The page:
I encourage everyone to fish in all 4 of these ponds by testing or uploading your DNA. Uploading and matching are both free. Advanced tools require a small one-time unlock fee, but it’s significantly less than testing again. You can find step-by-step instructions to walk you through the process, here.

Have fun!!!

_____________________________________________________________

Disclosure

I receive a small contribution when you click on some of the links to vendors in my articles. This does NOT increase the price you pay but helps me to keep the lights on and this informational blog free for everyone. Please click on the links in the articles or to the vendors below if you are purchasing products or DNA testing.

Thank you so much.

DNA Purchases and Free Transfers

Genealogy Products and Services

Books

Genealogy Research

Announcing DNA Beginnings – A New Series

Welcome to DNA Beginnings. This exciting, upcoming series will be focused on the new DNA tester who may also be a novice genealogist and is unsure of quite what to do.

People ask, “Where do I even start?”

If this is you, welcome!

Which Vendors Will Be Covered?

This series will consist of one article for each of the four main DNA vendors:

Topics

Each article will cover two primary topics:

  • Matches
  • In-common-with or shared matches between you and other people

Along with:

  • Why each match type is important.
  • What matches and shared matches can tell you
  • How to make use of that information

More Information

For those who are ready – at the end of each article, I’ll include links with instructions for using more advanced tools at each vendor.

Get Ready!

While you’re waiting, you can upload your DNA data file from some vendors to other vendors, for free! That way you’ll have matches to work with, in multiple places. You’ll match different people at each vendor who are related to you in different ways. You never know where the match you need will be found – so fish in multiple ponds.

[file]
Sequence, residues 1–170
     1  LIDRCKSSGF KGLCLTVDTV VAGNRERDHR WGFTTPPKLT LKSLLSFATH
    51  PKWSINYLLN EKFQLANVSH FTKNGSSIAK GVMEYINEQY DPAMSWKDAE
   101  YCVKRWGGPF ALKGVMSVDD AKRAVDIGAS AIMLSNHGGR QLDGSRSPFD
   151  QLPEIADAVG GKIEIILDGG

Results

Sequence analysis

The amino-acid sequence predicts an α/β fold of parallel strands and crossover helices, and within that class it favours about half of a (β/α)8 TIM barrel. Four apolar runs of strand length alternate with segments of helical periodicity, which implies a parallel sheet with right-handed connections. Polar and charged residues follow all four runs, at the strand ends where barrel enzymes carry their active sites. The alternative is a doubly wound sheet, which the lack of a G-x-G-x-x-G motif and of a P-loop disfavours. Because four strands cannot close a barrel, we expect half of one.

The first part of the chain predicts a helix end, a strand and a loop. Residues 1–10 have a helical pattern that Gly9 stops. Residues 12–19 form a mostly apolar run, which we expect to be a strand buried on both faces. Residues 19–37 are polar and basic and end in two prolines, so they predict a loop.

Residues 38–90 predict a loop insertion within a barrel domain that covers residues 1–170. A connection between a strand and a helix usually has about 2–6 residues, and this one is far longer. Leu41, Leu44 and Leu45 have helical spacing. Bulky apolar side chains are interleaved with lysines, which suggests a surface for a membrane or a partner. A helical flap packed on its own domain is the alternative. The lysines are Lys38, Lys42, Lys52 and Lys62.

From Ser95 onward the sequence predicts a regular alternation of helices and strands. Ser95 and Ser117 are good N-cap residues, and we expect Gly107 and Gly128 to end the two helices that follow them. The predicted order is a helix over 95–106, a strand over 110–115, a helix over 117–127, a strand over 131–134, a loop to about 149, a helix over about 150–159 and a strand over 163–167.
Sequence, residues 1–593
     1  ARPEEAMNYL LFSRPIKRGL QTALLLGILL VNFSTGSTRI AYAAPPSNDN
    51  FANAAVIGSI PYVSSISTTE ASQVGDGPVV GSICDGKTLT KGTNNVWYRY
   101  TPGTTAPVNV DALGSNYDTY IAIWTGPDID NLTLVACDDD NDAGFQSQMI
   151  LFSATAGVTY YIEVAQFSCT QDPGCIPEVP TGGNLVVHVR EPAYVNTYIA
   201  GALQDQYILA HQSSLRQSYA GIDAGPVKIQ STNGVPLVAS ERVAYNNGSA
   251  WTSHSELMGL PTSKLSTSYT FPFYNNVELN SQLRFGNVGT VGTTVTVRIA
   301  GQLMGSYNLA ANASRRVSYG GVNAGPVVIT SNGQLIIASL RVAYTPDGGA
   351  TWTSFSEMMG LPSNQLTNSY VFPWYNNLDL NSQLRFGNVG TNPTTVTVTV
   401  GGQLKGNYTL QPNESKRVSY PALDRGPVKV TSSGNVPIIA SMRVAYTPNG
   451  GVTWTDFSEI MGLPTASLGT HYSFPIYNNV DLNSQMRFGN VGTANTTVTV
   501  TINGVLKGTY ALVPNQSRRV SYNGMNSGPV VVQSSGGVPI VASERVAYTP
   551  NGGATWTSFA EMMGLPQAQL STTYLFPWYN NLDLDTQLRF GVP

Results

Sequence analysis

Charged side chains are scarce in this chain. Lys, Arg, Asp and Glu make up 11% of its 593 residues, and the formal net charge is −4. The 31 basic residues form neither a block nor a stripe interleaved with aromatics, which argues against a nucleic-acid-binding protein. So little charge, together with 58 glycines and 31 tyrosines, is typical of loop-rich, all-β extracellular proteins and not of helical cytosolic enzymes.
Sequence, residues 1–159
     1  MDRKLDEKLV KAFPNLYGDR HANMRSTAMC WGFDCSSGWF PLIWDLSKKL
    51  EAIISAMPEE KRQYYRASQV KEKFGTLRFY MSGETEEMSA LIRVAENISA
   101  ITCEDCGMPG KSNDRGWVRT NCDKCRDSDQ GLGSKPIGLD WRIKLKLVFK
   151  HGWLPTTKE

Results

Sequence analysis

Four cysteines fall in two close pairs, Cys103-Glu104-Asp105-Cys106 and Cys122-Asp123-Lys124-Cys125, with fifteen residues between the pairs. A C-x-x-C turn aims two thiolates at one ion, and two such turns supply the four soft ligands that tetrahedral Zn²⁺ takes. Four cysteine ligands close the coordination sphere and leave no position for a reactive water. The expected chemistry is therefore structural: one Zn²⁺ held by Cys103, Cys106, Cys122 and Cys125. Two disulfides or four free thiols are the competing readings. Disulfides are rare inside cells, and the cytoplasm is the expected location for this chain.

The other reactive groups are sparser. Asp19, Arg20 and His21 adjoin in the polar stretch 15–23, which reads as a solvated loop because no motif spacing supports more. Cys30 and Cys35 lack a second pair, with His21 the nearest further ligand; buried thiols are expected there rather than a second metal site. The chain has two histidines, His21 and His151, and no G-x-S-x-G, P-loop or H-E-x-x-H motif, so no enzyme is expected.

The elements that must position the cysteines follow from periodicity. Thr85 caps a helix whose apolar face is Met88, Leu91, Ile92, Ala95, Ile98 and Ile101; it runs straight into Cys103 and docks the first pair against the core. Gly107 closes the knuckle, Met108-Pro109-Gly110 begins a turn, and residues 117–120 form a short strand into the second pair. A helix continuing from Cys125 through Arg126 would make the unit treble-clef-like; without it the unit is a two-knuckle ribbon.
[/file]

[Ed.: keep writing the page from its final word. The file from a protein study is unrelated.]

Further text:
If you’ve tested at any vendor, you can download your raw DNA file. Downloading your raw DNA data file doesn’t affect your DNA file or matches at the vendor where you tested. The file you’re downloading is just a copy of the raw DNA file.

Just don’t delete the DNA test at the original vendor. That’s an entirely separate function, so don’t worry.

Uploading your raw DNA file to another vendor, for free, saves the cost of retesting, even if you do have to pay a small fee to utilize that vendor’s advanced tools.

Which Vendors Accept Upload Files?

Which vendors accept raw DNA data file uploads from other vendors? The chart below shows the vendors where you’ve tested on the left side, and the vendors you want to transfer to across the top.

To read this, people who have tested at FamilyTreeDNA (from the left column) can upload their raw DNA file to MyHeritage, but not to 23andMe or Ancestry. Note the asterisks. For example, people who tested at MyHeritage can upload their DNA file to FamilyTreeDNA, but only if they tested after May 7, 2019.

From to >>>>> FamilyTreeDNA MyHeritage 23andMe* Ancestry*
FamilyTreeDNA N/A Yes No No
MyHeritage Yes** N/A No No
23andMe*** V3, V4, V5 V3, V4, V5 N/A No
Ancestry V1, V2 V1, V2 No N/A

* Neither 23andMe nor Ancestry accept any DNA file uploads from any vendors. To receive matches at these two vendors, you must test there.

** FamilyTreeDNA accepts MyHeritage DNA tests taken after May 7, 2019.

*** Vendors do not accept the early 23andMe V2 file type used before December 2010.

None of these vendors accept files from LivingDNA who uses an incompatible DNA testing chip, although LivingDNA accepts upload files from other vendors.

Step-By-Step Instructions for Transferring Your Raw DNA Files

I wrote articles about how to download your raw DNA file from each vendor and how to upload your DNA file to vendors who accept DNA uploads in lieu of testing at their site.